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Trafton: Thoughts Become Sound Waves [Interview]

Updated: Feb 17


Interview with Trafton

photos by Brielle Tumbarello, Sarah Miskin, and Noah Yager

“It happened on three different nights, and they became progressively deeper.”


Trafton, raised in New Hampshire but now based in New York, writes dark indie pop songs with a mind of their own – so much so that they have recently been materializing in his dreams. “The first time, I only remembered one line,” he tells us. “The second time, I remembered nothing except a feeling. The third dream was the most insane. I remembered this post-chorus melody that I recorded as soon as I woke up. I wish I could remember the actual songs, but they’re gone.”


“In the dreams, I am not the one writing the songs,” he continues. “They are shown to me by somebody who I either don’t know, or think is another artist or something. So they show me [a song], and in the dream I wish [it] were my song. And then I wake up and realize that the song doesn’t exist in real life. So my subconscious wrote it and then gave it to me in my sleep.”


Fascinated by cognitive and neuropsychology, including concepts such as REM cycles, he crafts music that seems to come from a subconscious place in more ways than one. He’s inexplicably drawn to a certain soundscape, each tracks’ production effortlessly conceptualized and interwoven with melodies and lyrics. The songs take shape as if they exist in some deep corner of his brain and are simply waiting to be brought to the surface. Despite being inspired by thoughtfully-crafted alternative pop, he even goes so far as to insist that he doesn’t have influences in the same way that other artists might.


“Basically I’ve been writing the same way, in the same emotional palette, since I was super young,” he explains. “I remember even when I was a kid my mom used to be like, ‘Why don’t you ever write anything happy?’ But to me, it makes me happy to write [sad] music like that. Ever since I’ve been coming up with production ideas and an overall sound vision for the music, it’s been the same. It has been the same since before I even knew who Troye Sivan was, since before I heard Pure Heroine [by Lorde], before I knew who Banks was, before I knew who Glass Animals were…”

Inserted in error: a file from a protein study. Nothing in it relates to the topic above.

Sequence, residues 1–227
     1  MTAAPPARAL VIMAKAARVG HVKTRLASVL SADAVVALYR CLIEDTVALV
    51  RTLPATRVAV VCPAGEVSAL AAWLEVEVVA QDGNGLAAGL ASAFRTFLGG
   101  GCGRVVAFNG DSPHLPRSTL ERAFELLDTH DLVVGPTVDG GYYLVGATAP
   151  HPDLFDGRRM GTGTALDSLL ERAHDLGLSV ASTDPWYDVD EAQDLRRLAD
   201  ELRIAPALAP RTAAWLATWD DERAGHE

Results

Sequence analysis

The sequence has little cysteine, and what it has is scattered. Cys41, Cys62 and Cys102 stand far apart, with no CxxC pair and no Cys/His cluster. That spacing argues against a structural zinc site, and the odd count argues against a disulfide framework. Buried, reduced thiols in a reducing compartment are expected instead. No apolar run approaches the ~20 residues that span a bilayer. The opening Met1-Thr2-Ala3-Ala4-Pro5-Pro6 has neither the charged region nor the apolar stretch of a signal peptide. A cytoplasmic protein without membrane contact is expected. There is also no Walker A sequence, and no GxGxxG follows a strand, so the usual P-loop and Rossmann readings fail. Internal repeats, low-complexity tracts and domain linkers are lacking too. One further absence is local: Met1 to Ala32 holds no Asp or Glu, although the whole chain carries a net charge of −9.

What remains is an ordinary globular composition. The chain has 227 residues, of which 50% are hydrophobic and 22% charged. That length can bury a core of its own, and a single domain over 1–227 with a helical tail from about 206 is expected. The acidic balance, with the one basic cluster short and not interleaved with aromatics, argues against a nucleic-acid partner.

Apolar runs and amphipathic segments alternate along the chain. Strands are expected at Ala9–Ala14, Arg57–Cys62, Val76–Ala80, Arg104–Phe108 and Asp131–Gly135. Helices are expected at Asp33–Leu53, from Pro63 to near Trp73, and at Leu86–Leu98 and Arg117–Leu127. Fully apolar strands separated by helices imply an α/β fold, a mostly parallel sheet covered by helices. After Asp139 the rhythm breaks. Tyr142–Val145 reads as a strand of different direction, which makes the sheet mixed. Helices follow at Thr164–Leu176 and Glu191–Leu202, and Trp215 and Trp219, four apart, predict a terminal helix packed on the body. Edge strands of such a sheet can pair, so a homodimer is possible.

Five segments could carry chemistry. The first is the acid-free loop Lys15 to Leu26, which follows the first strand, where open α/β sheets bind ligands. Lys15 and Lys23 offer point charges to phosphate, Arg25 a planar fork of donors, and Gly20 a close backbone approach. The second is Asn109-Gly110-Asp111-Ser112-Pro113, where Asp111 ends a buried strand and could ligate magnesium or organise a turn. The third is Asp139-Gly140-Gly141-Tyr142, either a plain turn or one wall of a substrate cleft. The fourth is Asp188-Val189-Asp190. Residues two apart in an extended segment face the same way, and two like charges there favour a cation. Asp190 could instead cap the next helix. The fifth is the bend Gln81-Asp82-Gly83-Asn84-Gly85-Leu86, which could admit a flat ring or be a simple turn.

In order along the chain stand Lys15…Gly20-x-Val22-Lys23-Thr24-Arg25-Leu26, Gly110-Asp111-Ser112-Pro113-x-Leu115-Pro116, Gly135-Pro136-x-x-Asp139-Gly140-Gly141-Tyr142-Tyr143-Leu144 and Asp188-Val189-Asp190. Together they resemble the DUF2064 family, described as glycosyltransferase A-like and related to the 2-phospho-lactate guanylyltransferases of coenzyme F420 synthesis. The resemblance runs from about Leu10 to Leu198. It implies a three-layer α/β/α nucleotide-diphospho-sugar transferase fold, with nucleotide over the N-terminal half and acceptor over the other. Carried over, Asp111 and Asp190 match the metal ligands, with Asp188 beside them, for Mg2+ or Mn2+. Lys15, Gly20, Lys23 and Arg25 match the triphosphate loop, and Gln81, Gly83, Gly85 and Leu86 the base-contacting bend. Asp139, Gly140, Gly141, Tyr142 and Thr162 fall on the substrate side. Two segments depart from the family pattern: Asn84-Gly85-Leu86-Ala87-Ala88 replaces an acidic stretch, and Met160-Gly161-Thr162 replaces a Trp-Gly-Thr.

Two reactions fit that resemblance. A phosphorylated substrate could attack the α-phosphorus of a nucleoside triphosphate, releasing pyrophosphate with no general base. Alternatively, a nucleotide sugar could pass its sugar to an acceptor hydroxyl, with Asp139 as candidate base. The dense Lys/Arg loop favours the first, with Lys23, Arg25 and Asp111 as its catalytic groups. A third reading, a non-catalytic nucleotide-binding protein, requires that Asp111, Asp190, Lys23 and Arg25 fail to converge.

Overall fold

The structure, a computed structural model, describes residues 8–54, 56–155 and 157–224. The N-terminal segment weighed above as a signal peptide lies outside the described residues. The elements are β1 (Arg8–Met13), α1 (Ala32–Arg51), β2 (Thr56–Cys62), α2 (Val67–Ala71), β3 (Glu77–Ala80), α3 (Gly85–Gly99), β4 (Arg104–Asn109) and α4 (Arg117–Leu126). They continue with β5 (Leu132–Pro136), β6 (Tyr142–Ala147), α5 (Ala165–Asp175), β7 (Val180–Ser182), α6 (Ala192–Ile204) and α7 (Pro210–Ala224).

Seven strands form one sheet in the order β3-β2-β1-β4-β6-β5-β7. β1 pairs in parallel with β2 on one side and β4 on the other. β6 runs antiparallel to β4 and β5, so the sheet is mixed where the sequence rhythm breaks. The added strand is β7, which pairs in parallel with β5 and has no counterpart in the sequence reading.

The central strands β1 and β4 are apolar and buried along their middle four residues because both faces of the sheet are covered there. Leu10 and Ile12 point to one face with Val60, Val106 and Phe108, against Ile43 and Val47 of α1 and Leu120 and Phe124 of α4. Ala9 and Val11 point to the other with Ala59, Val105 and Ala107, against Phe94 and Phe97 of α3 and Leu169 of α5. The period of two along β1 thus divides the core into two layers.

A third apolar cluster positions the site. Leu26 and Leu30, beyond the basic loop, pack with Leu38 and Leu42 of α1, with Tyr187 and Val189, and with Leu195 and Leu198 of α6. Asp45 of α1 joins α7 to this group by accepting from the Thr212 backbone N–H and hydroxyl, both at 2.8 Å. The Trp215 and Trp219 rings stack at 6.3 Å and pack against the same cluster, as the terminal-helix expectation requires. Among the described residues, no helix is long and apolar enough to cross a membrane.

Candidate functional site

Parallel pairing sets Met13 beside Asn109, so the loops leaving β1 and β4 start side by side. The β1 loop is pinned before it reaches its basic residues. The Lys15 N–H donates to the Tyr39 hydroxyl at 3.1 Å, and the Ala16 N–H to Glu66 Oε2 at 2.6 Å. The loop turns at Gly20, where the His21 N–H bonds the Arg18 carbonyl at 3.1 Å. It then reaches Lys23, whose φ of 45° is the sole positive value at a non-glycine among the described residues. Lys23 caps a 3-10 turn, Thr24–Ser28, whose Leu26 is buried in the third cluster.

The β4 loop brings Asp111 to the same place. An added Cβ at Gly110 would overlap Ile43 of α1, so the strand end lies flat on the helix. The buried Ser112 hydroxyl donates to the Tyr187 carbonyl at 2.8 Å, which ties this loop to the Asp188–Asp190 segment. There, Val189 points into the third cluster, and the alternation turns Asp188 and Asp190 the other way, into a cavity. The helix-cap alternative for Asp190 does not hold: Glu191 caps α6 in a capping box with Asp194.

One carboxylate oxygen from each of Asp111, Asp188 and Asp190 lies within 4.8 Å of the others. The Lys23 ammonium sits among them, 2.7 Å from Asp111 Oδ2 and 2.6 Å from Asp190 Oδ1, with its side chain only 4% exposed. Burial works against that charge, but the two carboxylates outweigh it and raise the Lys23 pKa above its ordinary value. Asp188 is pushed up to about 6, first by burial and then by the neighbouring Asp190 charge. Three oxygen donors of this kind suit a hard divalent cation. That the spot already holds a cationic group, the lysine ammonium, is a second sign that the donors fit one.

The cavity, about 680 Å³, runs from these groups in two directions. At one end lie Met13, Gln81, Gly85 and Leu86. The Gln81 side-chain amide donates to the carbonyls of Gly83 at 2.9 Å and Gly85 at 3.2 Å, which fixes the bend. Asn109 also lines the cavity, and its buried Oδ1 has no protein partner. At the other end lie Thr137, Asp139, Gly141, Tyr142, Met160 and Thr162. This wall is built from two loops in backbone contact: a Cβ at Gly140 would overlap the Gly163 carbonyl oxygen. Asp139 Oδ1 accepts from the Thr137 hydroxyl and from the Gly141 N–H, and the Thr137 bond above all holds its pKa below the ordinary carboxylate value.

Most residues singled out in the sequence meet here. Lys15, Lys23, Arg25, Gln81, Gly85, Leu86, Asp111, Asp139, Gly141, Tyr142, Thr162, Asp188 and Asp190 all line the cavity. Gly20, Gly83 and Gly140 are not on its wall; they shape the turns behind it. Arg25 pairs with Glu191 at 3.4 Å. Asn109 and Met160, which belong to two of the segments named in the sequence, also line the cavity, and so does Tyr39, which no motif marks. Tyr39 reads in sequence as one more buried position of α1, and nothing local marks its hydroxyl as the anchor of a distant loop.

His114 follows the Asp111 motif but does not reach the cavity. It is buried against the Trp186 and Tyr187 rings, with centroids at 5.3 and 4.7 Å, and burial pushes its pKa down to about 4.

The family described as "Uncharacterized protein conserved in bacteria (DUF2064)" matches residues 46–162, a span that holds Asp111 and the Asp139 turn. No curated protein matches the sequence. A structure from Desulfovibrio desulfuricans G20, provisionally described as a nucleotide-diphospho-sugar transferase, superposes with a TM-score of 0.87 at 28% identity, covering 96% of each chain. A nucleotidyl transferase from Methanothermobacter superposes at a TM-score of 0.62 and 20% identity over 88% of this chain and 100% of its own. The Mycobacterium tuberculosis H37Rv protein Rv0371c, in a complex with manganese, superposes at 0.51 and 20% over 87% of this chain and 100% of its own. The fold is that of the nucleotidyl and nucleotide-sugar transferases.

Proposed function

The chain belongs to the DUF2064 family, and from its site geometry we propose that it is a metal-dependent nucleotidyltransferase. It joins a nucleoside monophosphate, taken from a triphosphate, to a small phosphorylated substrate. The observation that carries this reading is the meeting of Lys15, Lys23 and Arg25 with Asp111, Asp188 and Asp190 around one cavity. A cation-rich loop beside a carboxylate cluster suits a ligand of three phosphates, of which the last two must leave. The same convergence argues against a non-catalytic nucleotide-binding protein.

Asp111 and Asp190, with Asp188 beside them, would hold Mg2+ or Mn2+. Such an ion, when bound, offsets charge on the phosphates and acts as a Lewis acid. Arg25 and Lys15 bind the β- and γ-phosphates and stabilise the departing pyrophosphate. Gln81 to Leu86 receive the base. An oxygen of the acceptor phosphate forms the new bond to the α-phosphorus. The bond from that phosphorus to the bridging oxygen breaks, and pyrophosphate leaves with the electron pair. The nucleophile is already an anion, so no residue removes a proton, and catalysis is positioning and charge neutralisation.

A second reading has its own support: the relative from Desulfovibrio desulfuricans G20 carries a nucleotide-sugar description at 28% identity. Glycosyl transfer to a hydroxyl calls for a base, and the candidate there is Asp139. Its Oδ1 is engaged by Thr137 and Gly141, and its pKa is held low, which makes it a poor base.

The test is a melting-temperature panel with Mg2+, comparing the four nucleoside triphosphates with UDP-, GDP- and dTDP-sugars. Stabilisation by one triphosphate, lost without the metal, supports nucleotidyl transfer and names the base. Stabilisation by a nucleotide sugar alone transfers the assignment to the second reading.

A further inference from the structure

Although now incorporating some more diverse sounds, Trafton’s affinity for music began with the piano – and always comes back to it. “When I was two or three my great-grandmother gave us her old upright piano,” he says. “Apparently when we got it I climbed up onto the bench and started pressing keys. I grew up taking classical lessons, which I did not like. I eventually quit, but all throughout and ever since it’s just been me writing and playing my own [music] on the piano. So that being said, the piano is a big influence on my sound because everything that I’ve released so far and most everything that I’m working on is all based around and started on the piano.”


Even the seeds of his interest in production started with a keyboard when he was 16. “I didn’t know what Logic was, or any of the other DAWs,” he recalls. “I didn’t know how people produced music. I thought the way to do it was to buy a really intricate keyboard that could record stuff. I remember going to Guitar Center with my dad and looking at all these really expensive keyboards that do that and then explaining to this customer service dude what I wanted. He was like, ‘Hold on, you don’t want a keyboard, you need to buy Logic’.”


Since then, Trafton has become the perfect example of a DIY artist, with an approach that’s becoming more and more common in the digital age. He taught himself production mainly on Youtube, and

watched as his songs were fleshed out in new ways. “Production for me is learning what I need to do to bring the ideas in my head into real sound waves,” he describes. “I feel like sometimes I’m really the only one who’s able to make my music sound like I want it to sound because I have such a clear vision for it.”